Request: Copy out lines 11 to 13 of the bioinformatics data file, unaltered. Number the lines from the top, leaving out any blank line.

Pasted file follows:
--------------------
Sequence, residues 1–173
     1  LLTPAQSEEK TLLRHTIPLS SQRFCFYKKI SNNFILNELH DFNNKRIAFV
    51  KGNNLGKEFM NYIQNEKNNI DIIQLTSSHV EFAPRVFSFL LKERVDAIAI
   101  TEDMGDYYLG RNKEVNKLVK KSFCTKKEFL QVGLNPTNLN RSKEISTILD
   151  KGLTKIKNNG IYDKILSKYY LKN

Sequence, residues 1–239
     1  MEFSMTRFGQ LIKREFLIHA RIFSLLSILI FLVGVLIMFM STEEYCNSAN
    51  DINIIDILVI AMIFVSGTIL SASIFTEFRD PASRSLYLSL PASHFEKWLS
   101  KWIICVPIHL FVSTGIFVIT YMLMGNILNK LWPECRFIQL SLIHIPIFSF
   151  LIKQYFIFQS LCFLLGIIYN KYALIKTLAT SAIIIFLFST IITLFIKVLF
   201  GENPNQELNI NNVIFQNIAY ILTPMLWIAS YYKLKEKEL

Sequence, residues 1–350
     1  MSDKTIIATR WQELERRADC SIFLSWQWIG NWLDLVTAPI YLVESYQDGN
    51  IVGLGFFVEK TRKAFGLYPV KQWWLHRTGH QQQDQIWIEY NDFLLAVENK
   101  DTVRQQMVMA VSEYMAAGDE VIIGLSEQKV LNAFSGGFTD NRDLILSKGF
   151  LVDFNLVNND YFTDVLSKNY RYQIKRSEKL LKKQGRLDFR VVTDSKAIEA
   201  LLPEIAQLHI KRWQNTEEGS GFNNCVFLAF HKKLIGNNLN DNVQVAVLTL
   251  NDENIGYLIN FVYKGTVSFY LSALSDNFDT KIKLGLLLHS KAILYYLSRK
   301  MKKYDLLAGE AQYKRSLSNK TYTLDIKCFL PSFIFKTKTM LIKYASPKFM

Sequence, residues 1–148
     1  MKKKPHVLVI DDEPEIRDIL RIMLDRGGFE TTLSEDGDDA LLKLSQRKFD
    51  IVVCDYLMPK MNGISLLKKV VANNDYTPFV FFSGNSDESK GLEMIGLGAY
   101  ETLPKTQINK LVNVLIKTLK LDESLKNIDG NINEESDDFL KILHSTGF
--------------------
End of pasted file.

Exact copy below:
   201  GENPNQELNI NNVIFQNIAY ILTPMLWIAS YYKLKEKEL

Sequence, residues 1–350
     1  MSDKTIIATR WQELERRADC SIFLSWQWIG NWLDLVTAPI YLVESYQDGN